How the online world affects the human brain | Sunday Observer

How the online world affects the human brain

June 14: The internet has been around for less than three decades, but the technology has already had an immense impact on the way humanity functions. This is apparent to us all in the way people communicate, foster relationships and source information.

But there is one thing that scientists are still unsure of: What effect is the online world having on human brains? A new review by researchers from five universities in the United States, the United Kingdom, and Australia attempts to find the answer.

The theory goes that neuroplasticity - or the brain’s ability to structurally change over time - means that the experiences and lessons we gain from internet use could be having a significant impact.

Identifying and understanding these changes in children and young adults is particularly important as their brains are still developing. The World Health Organization (WHO) has already issued concern, recommending that children younger than five years old should spend no more than one hour in front of a screen on any day.

The latest review considered three areas: the capacity for attention and concentration; memory processes and social cognition.

By examining numerous findings from previous studies, the international team of researchers was able to analyze whether the internet was proving beneficial or detrimental in each of these instances.

Researchers from Harvard University in Boston, MA, Australia’s Western Sydney University, and the United Kingdom’s King’s College London, Oxford University, and the University of Manchester all took part. Their conclusions appear in the journal, World Psychiatry.

Multitasking and memory changes

Researchers first looked at digital multitasking. Evidence showed that doing multiple things online did not improve people’s ability to multitask elsewhere. In fact, it could make people more likely to pay attention to new distractions.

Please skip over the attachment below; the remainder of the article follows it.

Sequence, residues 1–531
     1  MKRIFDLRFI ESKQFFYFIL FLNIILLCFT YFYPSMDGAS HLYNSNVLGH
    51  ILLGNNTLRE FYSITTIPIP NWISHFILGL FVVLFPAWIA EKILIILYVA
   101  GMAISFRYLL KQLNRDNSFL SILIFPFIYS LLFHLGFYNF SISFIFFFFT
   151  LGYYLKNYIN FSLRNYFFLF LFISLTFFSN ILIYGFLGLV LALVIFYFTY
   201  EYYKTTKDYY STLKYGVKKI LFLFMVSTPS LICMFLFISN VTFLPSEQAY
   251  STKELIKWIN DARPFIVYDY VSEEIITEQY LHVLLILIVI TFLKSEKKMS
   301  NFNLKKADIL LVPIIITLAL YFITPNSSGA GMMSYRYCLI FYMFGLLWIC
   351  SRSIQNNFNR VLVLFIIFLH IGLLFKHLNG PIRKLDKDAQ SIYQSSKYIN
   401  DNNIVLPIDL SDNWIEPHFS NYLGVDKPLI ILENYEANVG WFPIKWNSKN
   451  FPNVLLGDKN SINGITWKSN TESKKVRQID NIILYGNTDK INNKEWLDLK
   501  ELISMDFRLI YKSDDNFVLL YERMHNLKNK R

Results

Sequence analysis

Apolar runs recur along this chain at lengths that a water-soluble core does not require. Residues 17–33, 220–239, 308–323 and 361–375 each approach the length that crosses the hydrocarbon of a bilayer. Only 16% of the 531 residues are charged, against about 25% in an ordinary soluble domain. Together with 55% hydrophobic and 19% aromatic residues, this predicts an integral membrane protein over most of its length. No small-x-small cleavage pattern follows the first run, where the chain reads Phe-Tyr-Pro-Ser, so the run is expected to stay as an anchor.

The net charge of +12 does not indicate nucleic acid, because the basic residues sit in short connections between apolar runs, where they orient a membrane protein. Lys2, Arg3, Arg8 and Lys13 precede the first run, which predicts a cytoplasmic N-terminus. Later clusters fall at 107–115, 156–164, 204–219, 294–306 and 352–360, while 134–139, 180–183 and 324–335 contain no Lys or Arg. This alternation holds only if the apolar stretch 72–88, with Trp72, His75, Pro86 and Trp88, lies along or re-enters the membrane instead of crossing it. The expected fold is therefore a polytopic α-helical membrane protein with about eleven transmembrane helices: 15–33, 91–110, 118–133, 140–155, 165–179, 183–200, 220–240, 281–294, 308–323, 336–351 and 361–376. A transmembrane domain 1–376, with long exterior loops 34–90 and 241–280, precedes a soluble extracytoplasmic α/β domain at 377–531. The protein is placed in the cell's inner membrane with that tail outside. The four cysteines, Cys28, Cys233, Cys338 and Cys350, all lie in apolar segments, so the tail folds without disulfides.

“The limitless stream of prompts and notifications from the internet encourages us towards constantly holding a divided attention - which then, in turn, may decrease our capacity for maintaining concentration on a single task,” says Joseph Firth, senior research fellow at Western Sydney University’s NICM Health Research Institute.

However, more research is necessary to find out the immediate and long-lasting effects of this kind of behaviour on young people.

Next, the team studied memory. While previous generations had to store facts mentally, modern humans can now leave factual content to the internet. This may actually provide some benefits to the brain, allowing it to focus on other, more ambitious tasks, the researchers theorize.

But, again, further research into the long-term cognitive effects of relying on the internet for facts is required. There is also a need to delve deeper into the impact on our spatial memory, especially now that most people go online for navigation help.

Social enhancements - or problems?

Social interaction was the last investigation element. The team found that the brain seems to process online interactions in a surprisingly similar way to real-life ones.

This may be beneficial for older people struggling with feelings of isolation. But young people, on the other hand, appear to be more susceptible to social consequences that arise from online interactions, such as peer pressure and feelings of rejection.

The review failed to find a causal link between internet use and poor mental health.

However, the researchers did note that advances such as social media may work as a form of therapy for young people with mental health problems.

Overall, future research needs to focus on young people, as it is somewhat clear that older adults may be positively stimulated by the features the internet offers. We cannot yet make the same conclusions for younger people, however.

Much more to learn about benefits and risks

“The findings from this paper highlight how much more we have to learn about the impact of our digital world on mental health and brain health,” says Dr. John Torous, a clinical fellow at Harvard Medical School and a co-author of the review. “There are certainly new, potential benefits for some aspects of health, but we need to balance them against potential risks.”

Prof. Jerome Sarris, deputy director of the NICM Health Research Institute, expresses more concern. “The bombardment of stimuli via the internet, and the resultant divided attention commonly experienced, presents a range of concerns,” he says.

As online usage may have just as many bad sides as good, the researchers have recommended a few ways to limit internet use. Prof. Sarris advises practicing mindfulness, reducing the amount of online multitasking, and “engaging in more in-person interactions.”